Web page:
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- Google Chrome Beats Firefox To Own The Tech Set
- iPhone 4 Breaks 68% More Often Than iPhone 3GS
- Verizon’s Android Users Are Bigger Data Hogs Than iPhone Users
- Teens Text 3,339 Times Per Month!
- See? Google’s Still A One-Trick Pony
Firefox is no longer the most popular browser for tech savvy people, according to data from Gabe Rivera, founder of Techmeme.
Rivera passed along this chart which shows the share of web browser usage of people coming to his popular tech news site.
As you can see, Google's Chrome is now the most popular. Rivera says Chrome became the top browser in September.
If Techmeme's readership proves to be a leading indicator for broader browsing tendencies, this could be the first sign that Firefox's run is over.
Apple's iPhone 4 is more fragile than its predecessor, according to data from SquareTrade, a company that provides warranties. It released the chart below based on the response of 20,000 people with warranties on their iPhones.
As you can see, reported accidents for the iPhone are up 68% compared to the iPhone 3GS. SquareTrade also reports that broken screens constitute 82% of the accident claims. (That number is an 82% increase from the broken screens reported for iPhone 3GS.)
The silver lining here for Apple: Only 4% of iPhone owners are claiming broken screens. That means 96% aren't. Also, Square Trade says the iPhone compared favourably to other smartphones when it did a similar study in 2008.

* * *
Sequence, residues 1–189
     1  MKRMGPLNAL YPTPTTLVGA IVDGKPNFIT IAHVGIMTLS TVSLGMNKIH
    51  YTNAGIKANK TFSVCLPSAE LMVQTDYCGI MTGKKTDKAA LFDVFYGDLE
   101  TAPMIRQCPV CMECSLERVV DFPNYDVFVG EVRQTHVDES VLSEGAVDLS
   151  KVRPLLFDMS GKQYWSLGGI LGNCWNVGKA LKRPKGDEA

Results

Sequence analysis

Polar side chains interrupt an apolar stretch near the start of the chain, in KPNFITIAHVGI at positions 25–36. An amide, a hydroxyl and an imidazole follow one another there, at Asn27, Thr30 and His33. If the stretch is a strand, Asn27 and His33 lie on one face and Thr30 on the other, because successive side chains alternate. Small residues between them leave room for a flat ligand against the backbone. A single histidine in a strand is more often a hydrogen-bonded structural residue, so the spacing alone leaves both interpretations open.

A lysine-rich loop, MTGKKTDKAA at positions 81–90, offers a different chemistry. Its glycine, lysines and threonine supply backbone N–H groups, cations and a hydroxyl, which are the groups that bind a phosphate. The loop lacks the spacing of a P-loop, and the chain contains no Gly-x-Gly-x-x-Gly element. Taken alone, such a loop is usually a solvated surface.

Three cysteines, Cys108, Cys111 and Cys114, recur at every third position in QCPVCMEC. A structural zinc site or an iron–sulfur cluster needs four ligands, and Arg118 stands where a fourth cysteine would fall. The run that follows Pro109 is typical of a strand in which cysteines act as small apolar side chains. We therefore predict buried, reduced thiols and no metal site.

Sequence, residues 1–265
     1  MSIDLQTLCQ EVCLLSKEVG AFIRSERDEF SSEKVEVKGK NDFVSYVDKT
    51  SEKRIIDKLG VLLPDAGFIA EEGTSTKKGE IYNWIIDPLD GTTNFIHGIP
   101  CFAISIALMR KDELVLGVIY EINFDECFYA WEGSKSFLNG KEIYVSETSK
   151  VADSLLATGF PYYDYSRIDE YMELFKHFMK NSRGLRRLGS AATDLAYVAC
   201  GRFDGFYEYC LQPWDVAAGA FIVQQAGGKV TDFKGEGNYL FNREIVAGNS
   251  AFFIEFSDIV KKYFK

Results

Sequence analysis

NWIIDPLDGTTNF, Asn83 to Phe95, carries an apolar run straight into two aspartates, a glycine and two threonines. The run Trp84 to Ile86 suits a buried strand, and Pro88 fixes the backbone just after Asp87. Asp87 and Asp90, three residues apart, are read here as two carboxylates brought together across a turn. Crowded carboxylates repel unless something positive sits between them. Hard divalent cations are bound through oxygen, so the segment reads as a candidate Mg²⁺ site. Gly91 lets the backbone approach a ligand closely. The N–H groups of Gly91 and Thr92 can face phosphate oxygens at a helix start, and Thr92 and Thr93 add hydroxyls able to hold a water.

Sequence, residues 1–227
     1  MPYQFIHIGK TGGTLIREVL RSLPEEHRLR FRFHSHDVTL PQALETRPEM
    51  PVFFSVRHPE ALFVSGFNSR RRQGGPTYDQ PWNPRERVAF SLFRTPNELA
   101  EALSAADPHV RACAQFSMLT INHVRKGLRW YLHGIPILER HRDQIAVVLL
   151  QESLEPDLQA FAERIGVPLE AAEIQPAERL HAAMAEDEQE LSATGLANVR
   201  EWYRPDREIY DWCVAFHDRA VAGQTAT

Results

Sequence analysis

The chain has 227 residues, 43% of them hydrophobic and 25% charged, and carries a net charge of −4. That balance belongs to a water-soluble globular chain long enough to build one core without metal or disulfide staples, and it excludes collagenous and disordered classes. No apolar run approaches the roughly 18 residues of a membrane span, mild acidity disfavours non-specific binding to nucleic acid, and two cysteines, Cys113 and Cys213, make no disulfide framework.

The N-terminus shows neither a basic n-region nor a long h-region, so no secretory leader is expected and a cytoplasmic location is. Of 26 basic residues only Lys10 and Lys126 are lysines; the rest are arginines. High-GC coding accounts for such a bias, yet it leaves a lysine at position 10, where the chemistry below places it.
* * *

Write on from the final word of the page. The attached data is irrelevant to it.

Of course, Apple sells millions of iPhones each quarter. If this trend holds, it means hundreds of thousands of iPhone 4s will have broken screens.
Despite having a reputation as big mobile data hogs, iPhone users actually consume less data on average than Android users according to a study from Validas, a company that analyses wireless bills for consumers.
In the chart below you can see the average data usage for an iPhone user compared to smartphone owners on other carriers. Ed Finegold, the Chief Analytics Officer for Validas tells us the Verizon data is largely based on Android users. Sprint and T-Mobile are more of a mix of smartphone OSes, says Finegold.
Finegold thinks Verizon Android users are consuming more mobile data because in the first half of 2010 those people were early adopters to the platform. As such, early adopters tend to use more services and more data. AT&T's iPhone users on the other hand are a more mature bunch. The new iPhone customers are aren't using all the services.
Nielsen reports teens sent or received 3,339 texts per month on average for the second quarter of 2010. Put another way, that's six texts on average for every waking hour.
Nielsen says teenage girls are even more active, sending 4,050 texts per month. The number of texts sent by teens in 2010 was up 8% from the year prior.
Don't be fooled by all the excitement about how Google is 'no longer a one-trick pony,' as several analysts exulted today. The company's search business is robustly healthy, but the company is still highly dependent on it.
In fact, in terms of profit (as opposed to revenue), the company is still very much a one trick pony.
Google says its mobile, display, YouTube, and other non-text-ad businesses now contribute ~$3.5 billion of revenue, more than 10% of Google's overall gross revenue. That's encouraging. But it's gross revenue, not net revenue, and on a profit basis the contribution is even smaller.
Specifically, we estimate that Google's non-search businesses contribute only about 5% of Google's profits. The other 95% comes from search ads.
So what's the actual good news for Google bulls? The search business is still the best media business in history. And it's growing rapidly again.
Or select individually here:
- 20% Of Online Video Viewers Give Up After 10 Seconds
- Android Keeps Growing -- Now The Best Selling OS For New Phone Buyers
- People Making Bigger Purchases At Apple Stores Thanks To The iPad
- Twitter Is Huge In Brazil
- Foursquare's Weekly Checkins Are 5X As Big As Facebook's
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